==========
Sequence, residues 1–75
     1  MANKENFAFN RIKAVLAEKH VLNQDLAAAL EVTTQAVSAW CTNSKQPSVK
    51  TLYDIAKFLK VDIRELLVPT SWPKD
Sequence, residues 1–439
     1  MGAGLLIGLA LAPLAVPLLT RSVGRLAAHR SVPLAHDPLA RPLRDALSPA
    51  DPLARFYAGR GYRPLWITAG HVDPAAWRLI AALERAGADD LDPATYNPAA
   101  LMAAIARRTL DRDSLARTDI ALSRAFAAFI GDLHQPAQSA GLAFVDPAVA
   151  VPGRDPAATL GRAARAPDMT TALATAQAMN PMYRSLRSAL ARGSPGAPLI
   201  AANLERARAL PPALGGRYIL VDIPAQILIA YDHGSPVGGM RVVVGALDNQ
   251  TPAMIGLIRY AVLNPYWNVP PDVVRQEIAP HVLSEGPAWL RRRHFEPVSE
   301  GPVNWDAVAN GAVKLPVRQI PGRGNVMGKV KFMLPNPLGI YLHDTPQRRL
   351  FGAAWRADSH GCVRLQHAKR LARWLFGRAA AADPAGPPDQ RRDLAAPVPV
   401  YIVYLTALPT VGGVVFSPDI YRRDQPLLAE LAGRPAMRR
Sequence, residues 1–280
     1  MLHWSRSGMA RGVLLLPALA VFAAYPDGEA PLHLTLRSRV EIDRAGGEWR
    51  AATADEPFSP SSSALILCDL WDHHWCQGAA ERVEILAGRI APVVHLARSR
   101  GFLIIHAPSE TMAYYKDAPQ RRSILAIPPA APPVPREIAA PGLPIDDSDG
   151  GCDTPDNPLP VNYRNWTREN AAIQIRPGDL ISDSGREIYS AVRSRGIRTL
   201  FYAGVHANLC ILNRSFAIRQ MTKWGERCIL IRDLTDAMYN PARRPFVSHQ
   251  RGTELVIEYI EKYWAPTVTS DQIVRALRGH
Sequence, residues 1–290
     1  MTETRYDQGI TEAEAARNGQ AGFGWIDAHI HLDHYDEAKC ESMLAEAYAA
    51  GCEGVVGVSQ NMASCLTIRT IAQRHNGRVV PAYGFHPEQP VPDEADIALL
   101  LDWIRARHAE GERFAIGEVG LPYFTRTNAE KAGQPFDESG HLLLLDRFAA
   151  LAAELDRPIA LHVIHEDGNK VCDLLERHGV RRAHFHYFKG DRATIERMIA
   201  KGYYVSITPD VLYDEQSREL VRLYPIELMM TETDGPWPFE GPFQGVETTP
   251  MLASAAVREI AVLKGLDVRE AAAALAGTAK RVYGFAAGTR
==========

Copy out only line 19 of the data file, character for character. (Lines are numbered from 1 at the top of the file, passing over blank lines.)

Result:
   201  FYAGVHANLC ILNRSFAIRQ MTKWGERCIL IRDLTDAMYN PARRPFVSHQ